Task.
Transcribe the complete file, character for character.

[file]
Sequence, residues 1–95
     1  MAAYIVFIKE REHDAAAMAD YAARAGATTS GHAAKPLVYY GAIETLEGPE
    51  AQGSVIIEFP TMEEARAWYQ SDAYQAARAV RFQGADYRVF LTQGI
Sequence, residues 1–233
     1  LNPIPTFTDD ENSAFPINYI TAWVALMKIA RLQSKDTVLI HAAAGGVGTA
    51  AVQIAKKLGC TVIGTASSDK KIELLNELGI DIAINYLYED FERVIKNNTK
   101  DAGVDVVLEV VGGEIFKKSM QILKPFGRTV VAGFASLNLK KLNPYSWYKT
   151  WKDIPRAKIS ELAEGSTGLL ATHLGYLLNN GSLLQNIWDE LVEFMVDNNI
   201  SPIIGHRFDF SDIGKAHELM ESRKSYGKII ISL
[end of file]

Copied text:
Sequence, residues 1–95
     1  MAAYIVFIKE REHDAAAMAD YAARAGATTS GHAAKPLVYY GAIETLEGPE
    51  AQGSVIIEFP TMEEARAWYQ SDAYQAARAV RFQGADYRVF LTQGI
Sequence, residues 1–233
     1  LNPIPTFTDD ENSAFPINYI TAWVALMKIA RLQSKDTVLI HAAAGGVGTA
    51  AVQIAKKLGC TVIGTASSDK KIELLNELGI DIAINYLYED FERVIKNNTK
   101  DAGVDVVLEV VGGEIFKKSM QILKPFGRTV VAGFASLNLK KLNPYSWYKT
   151  WKDIPRAKIS ELAEGSTGLL ATHLGYLLNN GSLLQNIWDE LVEFMVDNNI
   201  SPIIGHRFDF SDIGKAHELM ESRKSYGKII ISL